Vegetable crisis in the UK: Supermarkets rationing vegetables as shortage caused by floods, snow and storms across the Mediterranean hits hard

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    Vegetable rationing in supermarkets such as Sainsbury’s (pictured) has begun and stores have been limiting purchases of vegetables across the UK Photo Daily Mail.

    Supermarkets in the UK are struggling to
    provide vegetables to their customers because of the recent bad weather in Spain
    Italy and Greece.
    It started last month with some
    supermarkets having problems stocking courgettes and spinach, while iceberg
    lettuce is now being rationed by some chains.
    A combination of flooding, cold weather and
    poor light levels in southern Europe is said to have created the “perfect
    storm” of poor growing conditions.
    During the winter months, Spain’s
    south-eastern Murcia region supplies 80% of Europe’s fresh produce. But after
    suffering its heaviest rainfall in 30 years, only 30% of Murcia’s growing fields
    are useable.
    This has coincided with a cold snap in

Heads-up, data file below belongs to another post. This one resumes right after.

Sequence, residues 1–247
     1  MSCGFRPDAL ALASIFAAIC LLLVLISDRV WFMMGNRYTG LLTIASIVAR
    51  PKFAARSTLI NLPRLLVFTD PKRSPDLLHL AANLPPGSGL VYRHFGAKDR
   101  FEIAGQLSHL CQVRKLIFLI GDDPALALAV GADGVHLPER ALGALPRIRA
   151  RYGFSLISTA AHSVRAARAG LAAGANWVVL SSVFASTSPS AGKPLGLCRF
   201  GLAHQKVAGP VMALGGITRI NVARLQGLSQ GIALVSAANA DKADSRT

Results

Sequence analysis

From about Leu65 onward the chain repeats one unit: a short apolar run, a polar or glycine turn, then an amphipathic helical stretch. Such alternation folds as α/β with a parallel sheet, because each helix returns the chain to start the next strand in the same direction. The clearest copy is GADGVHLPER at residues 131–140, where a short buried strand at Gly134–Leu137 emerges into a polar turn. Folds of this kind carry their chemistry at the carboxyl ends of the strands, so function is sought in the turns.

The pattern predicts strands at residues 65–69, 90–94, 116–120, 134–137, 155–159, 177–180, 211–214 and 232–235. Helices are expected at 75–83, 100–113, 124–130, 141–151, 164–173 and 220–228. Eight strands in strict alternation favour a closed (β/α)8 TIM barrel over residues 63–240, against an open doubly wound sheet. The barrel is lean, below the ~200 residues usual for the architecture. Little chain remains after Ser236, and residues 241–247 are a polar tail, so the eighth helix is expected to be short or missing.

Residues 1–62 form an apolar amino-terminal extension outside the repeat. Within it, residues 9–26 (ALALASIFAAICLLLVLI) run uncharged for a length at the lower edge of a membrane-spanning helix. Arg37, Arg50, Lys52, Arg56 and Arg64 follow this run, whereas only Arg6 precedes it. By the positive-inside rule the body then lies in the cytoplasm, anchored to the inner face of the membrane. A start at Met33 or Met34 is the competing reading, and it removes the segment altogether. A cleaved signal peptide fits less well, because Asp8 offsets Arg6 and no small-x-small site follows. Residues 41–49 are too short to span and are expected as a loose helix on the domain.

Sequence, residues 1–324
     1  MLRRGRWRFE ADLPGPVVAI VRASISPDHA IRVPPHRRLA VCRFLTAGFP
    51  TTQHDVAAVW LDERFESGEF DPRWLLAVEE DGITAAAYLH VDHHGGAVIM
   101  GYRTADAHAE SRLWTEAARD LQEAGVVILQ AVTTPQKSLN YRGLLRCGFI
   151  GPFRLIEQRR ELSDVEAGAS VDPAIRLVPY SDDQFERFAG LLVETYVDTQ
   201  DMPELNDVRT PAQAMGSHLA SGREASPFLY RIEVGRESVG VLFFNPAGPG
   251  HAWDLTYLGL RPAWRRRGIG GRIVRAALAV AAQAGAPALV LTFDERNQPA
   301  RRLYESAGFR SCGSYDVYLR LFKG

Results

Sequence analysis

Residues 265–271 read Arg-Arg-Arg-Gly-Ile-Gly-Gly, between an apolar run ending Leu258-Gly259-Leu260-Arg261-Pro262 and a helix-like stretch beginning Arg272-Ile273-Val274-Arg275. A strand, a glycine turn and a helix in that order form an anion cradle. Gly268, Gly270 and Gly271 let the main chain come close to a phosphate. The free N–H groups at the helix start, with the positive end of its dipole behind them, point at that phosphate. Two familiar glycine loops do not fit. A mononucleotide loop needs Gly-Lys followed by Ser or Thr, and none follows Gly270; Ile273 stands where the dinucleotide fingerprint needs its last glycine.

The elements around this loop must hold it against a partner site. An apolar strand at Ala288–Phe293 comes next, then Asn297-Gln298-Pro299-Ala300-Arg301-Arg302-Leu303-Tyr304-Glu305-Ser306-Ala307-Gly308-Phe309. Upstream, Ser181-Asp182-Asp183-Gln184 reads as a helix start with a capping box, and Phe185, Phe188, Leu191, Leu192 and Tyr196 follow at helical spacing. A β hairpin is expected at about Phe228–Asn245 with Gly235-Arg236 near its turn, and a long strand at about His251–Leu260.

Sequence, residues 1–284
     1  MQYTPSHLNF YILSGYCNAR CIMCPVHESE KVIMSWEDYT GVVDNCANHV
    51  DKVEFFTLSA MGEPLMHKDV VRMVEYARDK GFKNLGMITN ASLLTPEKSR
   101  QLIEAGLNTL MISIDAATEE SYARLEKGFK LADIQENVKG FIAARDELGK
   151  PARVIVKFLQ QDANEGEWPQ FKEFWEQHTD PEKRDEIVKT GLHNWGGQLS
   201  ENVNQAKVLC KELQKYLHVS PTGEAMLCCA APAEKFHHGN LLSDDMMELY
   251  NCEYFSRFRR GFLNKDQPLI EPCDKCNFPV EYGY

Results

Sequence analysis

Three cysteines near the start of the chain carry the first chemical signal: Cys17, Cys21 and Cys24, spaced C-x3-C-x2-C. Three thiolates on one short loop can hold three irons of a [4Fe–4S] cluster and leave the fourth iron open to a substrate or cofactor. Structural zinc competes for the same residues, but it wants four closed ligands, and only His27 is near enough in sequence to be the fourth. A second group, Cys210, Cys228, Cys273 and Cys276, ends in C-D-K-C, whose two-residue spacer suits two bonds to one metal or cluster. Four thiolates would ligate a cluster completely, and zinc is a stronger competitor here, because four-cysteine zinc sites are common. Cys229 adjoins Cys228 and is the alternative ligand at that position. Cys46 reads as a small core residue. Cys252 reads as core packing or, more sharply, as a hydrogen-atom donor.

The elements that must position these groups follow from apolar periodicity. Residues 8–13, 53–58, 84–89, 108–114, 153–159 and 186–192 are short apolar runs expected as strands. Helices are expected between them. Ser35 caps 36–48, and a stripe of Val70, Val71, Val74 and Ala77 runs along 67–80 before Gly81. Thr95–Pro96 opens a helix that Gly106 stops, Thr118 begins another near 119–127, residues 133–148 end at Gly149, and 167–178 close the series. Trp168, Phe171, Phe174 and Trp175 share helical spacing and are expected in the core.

Italy, which normally exports vegetables at this time of the year but is now
    having to import them.
    The effects of shortages are particularly
    pronounced in Britain, which imports an estimated 50% of its vegetables and 90%
    of its fruit.
    The Grocer magazine’s fresh and chilled
    foods editor, Kevin White, told the BBC he could not recall the weather
    affecting supplies so severely, reports the BBC.
    Meanwhile The Daily Mail reports: Supermarkets
    have started rationing vegetables amid a shortage caused by floods, snow and
    storms across the Mediterranean farming belt.
    Tesco said: ‘Due to bad weather conditions
    in Spain, we are experiencing a few availability issues, but are working with
    our suppliers to resolve them as quickly as possible.’
    And Sainsbury’s said: ‘Severe weather has
    affected crops, but we are working with our suppliers to maintain supply for
    our customers.’

    Power Quadrant
    The problem has become so serious that
    British wholesalers have taken the unusual step of importing produce from
    California, despite the high cost of air freight.



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